COMELEC Comment, p. 23.
Bersabal v. Salvador, 173 Phil. 379 (1978).
 2 Record of the Senate 50-51 (20 March 2006).
Id. at 67-68 (28 March 2006).
 Section 5 of RA 8436 reads in pertinent parts:
Section 5. Authority to use an automated election system. - To carry out the above-stated policy, the Commission on Elections, herein referred to as the Commission, is hereby authorized to use an automated election system, herein referred to as the System, for the process of voting, counting of votes and canvassing/consolidation of results of the national and local elections: Provided, however, That for the May 11, 1998 elections, the System shall be applicable in all areas within the country only for the positions of president, vice-president, senators and parties, organizations or coalitions participating under the party-list system.
Unlike in RA 9369, Congress in Section 5 of RA 8436 provided a contingency mechanism, that is, for the COMELEC to revert to manual system for “the elections for both national and local positions x x x except in the Autonomous Region in Muslim Mindanao (ARMM),” if “inspite of its diligent efforts to implement this mandate in the exercise of this authority, it becomes evident by February 9, 1998 that the Commission cannot fully implement the automated election system for national positions in the May 11, 1998 elections.”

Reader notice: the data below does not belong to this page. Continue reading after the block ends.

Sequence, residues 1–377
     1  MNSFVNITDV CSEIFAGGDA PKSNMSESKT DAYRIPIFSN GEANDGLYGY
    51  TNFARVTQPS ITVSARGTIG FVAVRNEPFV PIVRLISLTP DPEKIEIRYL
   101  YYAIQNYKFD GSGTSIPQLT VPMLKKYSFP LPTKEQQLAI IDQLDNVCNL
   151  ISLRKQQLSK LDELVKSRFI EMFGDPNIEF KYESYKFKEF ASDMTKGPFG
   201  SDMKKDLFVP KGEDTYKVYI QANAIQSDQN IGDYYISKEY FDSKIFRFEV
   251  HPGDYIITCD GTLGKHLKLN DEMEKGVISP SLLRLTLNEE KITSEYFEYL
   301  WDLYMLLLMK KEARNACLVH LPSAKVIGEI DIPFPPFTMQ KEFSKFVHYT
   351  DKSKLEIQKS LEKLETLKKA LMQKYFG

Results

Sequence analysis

Significantly, the original draft for Section 5 in Senate Bill No. 3214, the precursor of RA 8436, provided for the use of an automated system in “three regions” for the 11 May 1998 elections. However, upon the advice of the COMELEC that it will not be able to comply with this scheme, Senator Miriam Santiago, the bill’s principal author, amended the draft for the first phase to instead cover “17 highly-urbanized cities.” During the bill's Second Reading, Senator Marcelo Fernan submitted a proposal to limit the first phase of automation to selected positions instead of selected areas. The Senate approved his proposal (2 Record of the Senate 986-987, 989-990 [19 November 1997]; id. at 149 [1 December 1997]).
TSN Oral Arguments (Augusto Lagman), 29 July 2009, pp. 528-529.
Section 11 of RA 9369 provides in pertinent parts:
SEC. 11. Functions of the Technical Evaluation Committee. - The Committee shall certify, through an established international certification entity to be chosen by the Commission from the recommendations of the Advisory Council, not later than three months before the date of the electoral exercises, categorically stating that the AES, including its hardware and software components, is operating properly, securely, and accurately, in accordance with the provisions of this Act based, among others, on the following documented results: